Well just about everyone has heard about the sensational debut novel by Téa Obreht: The Tiger’s Wife (see my review here). It is a sparkling and ambitious novel. And in person she is sparkling too. Obreht is in her words a ‘nomad’. She was born in Belgrade, has lived in Cyprus and Egypt on her way to New York where she has lived since she was 12. Given that around half of her life has been spent in the US Stephen asked her why it was she chose to write about the Balkans. She responded by saying that distance helps. She spoke about the tremendous influence her own grandfather has been on her life and how she came to write the novel 7-8 months after he had passed away unexpectedly. Those events drew her to writing about her childhood, (and she made the interesting observation that many novelists’ first book is about their childhood).
There is a great oral story-telling tradition in the Balkans countries, but also Cyprus and Egypt. Those old tales, the folklore, the history are ever present things in people’s lives. There is immense superstition – something which readers of the book will be familiar with! – in these cultures. She told the story of how I think it was her grandmother who places a pair of scissors on the floor with the sharp edge pointing toward the door to ward off evil.
When asked about how she has found the immensely positive reaction and whether it places extra pressure on her for her next book, she said that her only fear is that the 2nd novel might not come from the same emotional ‘well’ that The Tiger’s Wife has come from. She said stories are like people: some you date, some you fall in love with. She needs to feel that she is in love with the next story, that there is that emotional bond with it, that way she feels it will have the same resonance for readers too. The sudden readership, she says, is wonderful and amazing and surreal.
She’s always wanted to be a writer. She lists many literary influences and loves: as a kid she was exposed and loved Roald Dahl and Rudyard Kipling (no surprise there – The Jungle Book is a very important ‘prop’ for the grandfather character in her book). Then the Bronte sisters. Then Victor Hugo and Mikhael Bulgakov’s marvellous The Master and Margarita – which is one of her favourite books (and mine too – I like her taste!). Gabriel Garcia Marquez also a big influence and then modernist masters like Hemingway, Chandler, et al. She believes that the favourite experiences of reading these authors seeps into her own writing – and it is clear to me that Bulgakov comes through in The Tiger’s Wife very much.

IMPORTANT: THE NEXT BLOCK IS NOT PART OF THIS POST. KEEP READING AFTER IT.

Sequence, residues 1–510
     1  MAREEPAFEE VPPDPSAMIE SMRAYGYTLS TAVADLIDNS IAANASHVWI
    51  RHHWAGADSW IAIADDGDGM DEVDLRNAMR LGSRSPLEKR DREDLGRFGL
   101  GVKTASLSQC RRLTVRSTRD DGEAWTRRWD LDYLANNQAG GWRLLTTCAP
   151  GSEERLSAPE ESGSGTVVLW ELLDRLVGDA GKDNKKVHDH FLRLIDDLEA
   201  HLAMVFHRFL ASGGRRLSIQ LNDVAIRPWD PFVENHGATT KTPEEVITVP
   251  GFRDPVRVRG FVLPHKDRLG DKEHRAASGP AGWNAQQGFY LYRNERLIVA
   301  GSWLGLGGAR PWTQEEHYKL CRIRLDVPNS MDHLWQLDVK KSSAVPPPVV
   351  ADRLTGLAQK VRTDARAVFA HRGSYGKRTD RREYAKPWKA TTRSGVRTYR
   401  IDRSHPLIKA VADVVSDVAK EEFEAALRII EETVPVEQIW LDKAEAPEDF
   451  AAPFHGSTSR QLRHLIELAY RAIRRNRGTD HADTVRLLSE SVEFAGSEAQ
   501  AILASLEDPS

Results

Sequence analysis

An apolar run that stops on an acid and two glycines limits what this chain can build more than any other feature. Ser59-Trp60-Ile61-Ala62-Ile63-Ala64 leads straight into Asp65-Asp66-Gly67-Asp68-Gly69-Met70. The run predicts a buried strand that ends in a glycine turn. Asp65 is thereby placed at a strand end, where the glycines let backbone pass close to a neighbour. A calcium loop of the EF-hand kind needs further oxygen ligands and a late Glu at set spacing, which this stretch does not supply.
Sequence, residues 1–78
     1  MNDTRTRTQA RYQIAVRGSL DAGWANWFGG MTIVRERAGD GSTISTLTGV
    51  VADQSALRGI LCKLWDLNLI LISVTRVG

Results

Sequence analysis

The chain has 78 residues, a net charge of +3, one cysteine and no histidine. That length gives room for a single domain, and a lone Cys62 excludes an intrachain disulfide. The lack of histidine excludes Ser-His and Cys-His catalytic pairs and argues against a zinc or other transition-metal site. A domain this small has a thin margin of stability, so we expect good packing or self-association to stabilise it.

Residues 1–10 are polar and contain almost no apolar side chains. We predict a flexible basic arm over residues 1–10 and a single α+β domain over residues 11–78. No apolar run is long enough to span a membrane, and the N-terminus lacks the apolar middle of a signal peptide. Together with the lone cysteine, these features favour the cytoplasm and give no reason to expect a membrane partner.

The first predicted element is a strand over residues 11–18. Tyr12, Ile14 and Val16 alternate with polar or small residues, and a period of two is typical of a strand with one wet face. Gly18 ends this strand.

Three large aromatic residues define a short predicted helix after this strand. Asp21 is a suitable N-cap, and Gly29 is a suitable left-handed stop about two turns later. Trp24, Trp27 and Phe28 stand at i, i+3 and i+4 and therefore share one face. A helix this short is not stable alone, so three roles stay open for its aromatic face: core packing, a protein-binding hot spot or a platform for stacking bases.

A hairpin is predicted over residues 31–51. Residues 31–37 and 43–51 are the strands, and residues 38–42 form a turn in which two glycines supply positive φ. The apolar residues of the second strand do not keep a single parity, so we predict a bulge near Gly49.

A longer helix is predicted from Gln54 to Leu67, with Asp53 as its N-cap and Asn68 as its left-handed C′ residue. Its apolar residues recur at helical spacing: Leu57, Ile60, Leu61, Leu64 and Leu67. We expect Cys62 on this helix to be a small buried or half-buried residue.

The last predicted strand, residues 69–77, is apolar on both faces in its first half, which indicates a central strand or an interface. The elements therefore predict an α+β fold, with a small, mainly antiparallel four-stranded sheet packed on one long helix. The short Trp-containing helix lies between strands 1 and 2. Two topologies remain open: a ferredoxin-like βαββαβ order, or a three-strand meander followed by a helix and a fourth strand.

She talked a lot about one of the other characters in the book: the Deathless Man. Apparently he is one of people’s favourite characters. She intended him to be more sinister at first, but as she went she found him to be very sympathetic and easy to write. Many of his sections survived editing without much rework. She said the shock death of her grandfather fed into the character; he was in part a response to death and her trying to comes to terms with it in her own life. She admitted that he was probably her favourite character.
She was asked whether the story of the tiger’s wife is real folklore: she said it was her own (based a bit on a Beauty and The Beast theme) but it’s structured and told in the form of a real folklore story. Having read the book I can attest that this is how it reads: as if it was one of those real stories that grew out of a village. She also spoke about some of the research she did: and how a much earlier visit to that part of the world in chase of village stories on vampries gave her a real sense of not only how such stories were told, but how the villagers told them. Also, she mentioned that the digging scene(s) in the book where people dig up fields in search of family members killed during the war so they can be given a proper burial is based on fact – many people have done exactly that.
She is optimistic about the future of the book and the future of the former Yugoslavia. And finally, she loves editing. She had to lose sections of the story in editing which she was attached to, but could see the reasons for editing them out and has learnt a whole new side of writing and a new skill in the editing process.
Another great session: Tea Obreht has a very bubbly and engaging sense of warmth and humour. I highly recommend The Tiger’s Wife and look forward to her next book.
More to come from Thursday…